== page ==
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Sneakers on Power Lines

Shoefiti: Are sneakers dangling from power lines a symbol of gang activity?


Graffiti and hanging shoes
Gautam Narang/Photographer's Choice/Getty Images

You see them in most American cities, large and small, and I suspect everyone who encounters them wonders the same thing: Who tosses all those old, tied-together pairs of sneakers onto power lines and telephone wires, and why?

I will admit up front that I don't have a definitive answer. No one does. Like most people, I've noticed the darned things dangling way up there on utility lines over virtually every neighborhood I've ever lived in, and always assumed they were artifacts of one of those adolescent male challenges or rites of passage most of us are party to during our youth — e.g., let's see which one of us can fling a pair of old sneakers over the highest wire.

Popular beliefs

It is popularly believed that tennis shoes hanging from utility wires designate "gang territory" or a location where one can buy street drugs, but that version of events would not seem to apply to the hefty percentage of shoes seen dangling over non-gang neighborhoods and quiet streets in rural towns where there's little or no gang and drug activity to be found.

Another folk belief holds that teenage boys who've just "scored" for the first time — i.e., lost their virginity — are wont to heave an old pair of sneakers over a power line to celebrate the moment and proclaim their conquest to the world (who says teenage boys aren't romantic?).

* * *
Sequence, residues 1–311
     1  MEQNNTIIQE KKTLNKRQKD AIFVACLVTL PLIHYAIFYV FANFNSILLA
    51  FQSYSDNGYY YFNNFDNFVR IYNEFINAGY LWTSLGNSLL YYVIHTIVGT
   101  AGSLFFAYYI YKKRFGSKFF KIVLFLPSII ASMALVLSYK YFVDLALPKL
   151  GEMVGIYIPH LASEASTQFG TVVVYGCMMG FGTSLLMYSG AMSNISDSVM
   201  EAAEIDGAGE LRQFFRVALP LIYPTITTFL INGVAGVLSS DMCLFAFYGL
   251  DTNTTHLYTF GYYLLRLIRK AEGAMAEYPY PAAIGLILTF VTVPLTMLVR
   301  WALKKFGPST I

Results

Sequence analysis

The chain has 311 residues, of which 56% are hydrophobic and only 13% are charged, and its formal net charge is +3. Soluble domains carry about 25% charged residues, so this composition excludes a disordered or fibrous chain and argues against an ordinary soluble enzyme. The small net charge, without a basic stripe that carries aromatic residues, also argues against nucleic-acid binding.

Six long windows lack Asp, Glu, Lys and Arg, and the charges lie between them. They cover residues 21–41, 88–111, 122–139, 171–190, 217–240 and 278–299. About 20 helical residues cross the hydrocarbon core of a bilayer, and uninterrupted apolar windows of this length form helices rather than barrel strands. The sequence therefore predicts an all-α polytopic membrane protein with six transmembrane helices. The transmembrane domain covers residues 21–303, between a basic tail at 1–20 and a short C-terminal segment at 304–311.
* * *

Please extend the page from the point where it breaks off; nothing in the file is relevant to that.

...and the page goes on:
Cecil Adams catalogued at least a dozen more theories in a 1996 "Straight Dope" column, all of them very interesting but unconclusive. The long and short of it is that everybody seems to have a theory but nobody knows the answer. Maybe there is no answer; maybe sneakers hanging on power lines don't have any particular meaning at all.

Police: 'This is another kind of urban myth'

More recently, an Associated Press story out of Tucson hoisted up the conventional wisdom that dangling sneakers are an emblem of gang activity and knocked it down with a quote from the police: "This is another kind of urban myth," a spokesman said. Like law enforcement officials everywhere else, Tucson police have found no correlation between dangling sneakers and crime.

Tucson Electric Power officials added that in any given week, 5 to 10 pairs of sneakers are removed from power lines all over the city of Tucson: "The highest periods of activity seem to be after school lets out for the summer break," as well as holidays.

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